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Thread: Cougars

  1. #111
    Member
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    Jun 2004
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    Port Townsend, Washington
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    347

    Re: Cougars

    My late wife reported hearing a scream from what she thought was a cougar out behind the house. After she died, I heard the same thing one summer evening. But the bird identification book says that fledgling Great Horned Owls also scream for food from the parents. For some reason, what I heard did sound somewhat owlish, so I suspect that is what I heard. Can anyone comment on whether some reports of cougars screaming might just be Great Horned Owl fledglings?
    Keith

  2. #112
    Drew Wiley
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    Sep 2008
    Location
    SF Bay area, CA
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    16,001

    Re: Cougars

    Alan. It made no difference to the cougars if we were armed or not. They followed us due to curiosity. And in this case "curiosity didn't kill the cat." They took extreme care not to be noticed, but we had set up a tag team system to fool them. Once they figured out they'd been made, they instantly ran off back into the woods. Cougars are instinctively very shy of people, even when routinely around people. But a few of them are learning how to suburbanize themselves, just like coyotes and raccoons and skunks and so forth. There are plenty of deer inside city limits too. Humans aren't viewed as food. Remember, they've had at least fifteen thousands of years in the Western Hemisphere of cumulative experience and genetic adaptation to the fact that the most aggressive and successful species of predator is actually us. They have good reason to be more afraid of us than we are of them.

  3. #113

    Join Date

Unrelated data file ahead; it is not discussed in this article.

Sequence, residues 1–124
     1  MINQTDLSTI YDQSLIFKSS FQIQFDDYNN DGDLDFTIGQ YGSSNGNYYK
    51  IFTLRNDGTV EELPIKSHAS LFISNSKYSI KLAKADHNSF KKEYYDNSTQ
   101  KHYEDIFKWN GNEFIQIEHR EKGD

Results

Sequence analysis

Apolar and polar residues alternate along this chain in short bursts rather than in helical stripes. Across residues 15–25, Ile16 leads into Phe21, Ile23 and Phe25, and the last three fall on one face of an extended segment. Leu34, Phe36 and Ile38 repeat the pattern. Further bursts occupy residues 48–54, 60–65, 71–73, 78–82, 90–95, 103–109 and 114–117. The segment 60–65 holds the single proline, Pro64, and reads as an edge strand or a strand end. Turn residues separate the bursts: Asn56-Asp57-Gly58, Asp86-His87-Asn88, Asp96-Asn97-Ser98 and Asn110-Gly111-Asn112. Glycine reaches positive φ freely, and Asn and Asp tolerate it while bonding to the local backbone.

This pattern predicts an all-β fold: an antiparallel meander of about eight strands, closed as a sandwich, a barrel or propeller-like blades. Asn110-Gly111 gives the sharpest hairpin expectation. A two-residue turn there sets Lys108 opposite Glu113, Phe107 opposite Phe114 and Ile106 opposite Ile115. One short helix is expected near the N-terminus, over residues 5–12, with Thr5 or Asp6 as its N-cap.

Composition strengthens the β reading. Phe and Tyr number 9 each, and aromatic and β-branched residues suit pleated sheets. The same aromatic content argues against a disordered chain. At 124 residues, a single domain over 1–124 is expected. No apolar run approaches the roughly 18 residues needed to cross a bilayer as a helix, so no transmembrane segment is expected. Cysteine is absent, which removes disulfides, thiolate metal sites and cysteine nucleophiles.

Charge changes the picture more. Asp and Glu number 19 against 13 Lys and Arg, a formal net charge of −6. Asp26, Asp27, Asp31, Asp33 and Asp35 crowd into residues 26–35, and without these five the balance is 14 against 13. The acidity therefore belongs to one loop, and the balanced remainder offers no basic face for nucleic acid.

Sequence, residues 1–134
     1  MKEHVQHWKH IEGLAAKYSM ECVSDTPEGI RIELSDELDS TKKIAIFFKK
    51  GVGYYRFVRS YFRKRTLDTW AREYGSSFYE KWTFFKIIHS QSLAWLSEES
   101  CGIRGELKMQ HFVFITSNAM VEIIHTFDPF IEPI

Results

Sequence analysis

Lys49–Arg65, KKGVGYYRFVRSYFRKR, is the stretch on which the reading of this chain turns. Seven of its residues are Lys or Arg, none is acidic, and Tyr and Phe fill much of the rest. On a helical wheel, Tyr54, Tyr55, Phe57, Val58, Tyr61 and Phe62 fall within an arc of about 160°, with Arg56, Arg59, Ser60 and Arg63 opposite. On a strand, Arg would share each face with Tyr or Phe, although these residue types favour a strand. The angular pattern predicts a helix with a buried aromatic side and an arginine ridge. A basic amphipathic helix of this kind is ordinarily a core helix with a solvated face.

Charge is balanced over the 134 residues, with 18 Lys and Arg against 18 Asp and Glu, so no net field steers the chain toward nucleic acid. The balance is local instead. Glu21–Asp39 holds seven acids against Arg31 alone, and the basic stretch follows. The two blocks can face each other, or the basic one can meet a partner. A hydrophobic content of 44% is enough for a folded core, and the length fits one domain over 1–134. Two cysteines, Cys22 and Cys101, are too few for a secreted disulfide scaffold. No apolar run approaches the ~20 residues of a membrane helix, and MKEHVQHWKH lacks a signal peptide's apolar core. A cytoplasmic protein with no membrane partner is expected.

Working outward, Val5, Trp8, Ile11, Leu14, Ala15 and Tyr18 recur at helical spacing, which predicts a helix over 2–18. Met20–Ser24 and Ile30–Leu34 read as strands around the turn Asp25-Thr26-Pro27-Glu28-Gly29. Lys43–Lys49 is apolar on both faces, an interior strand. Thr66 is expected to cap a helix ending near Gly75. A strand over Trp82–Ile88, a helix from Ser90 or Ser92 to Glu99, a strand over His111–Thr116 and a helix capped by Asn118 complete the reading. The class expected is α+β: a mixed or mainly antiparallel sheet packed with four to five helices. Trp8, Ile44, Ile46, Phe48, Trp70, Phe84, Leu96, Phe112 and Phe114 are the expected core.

Dec 2015
    Location
    Northern Vancouver Island, B.C. Canada
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    54

    Re: Cougars

    Here in B.C. we had bounty on cougars in the fifties and sixties. Seeing one after that was rare except in higher elevations. There are many on south-eastern B.C. and Vancouver Island. Every summer in the village where I reside, there are and will be cougars and black bears roaming around town in the evening/night. We tend to not report the bears but definitely the cougars. The cougars will take domestic cats, small dogs, chickens etc. The bears are after fruit trees and berries. One hiker that know, often shares the blackberry bush with the bear, they are five feet apart but out of sight to each other. Both aware of each other's presence. One elderly lady regularly chases out the bear from her garden with a corn broom to his butt. It must be a game to the bear, he's back the next day. The Conservation Officer traps them, tags them relocates them and then they're back. If they are still around in late September then they are "made an offer they can't refuse" And next year same situation different bear. Cougars have been known to over night in peoples gardens but they are usually "outed" by the dog community. Grizzly bears have recently (within last ten years) been sighted on the Island. They swim from the mainland, "island hopping." Not looking forward to meeting one of them. Stay safe. When in bear country I carry an empty beer can with a small stone in it and rattle it. I can tell by tracks in mud and droppings that it works very well.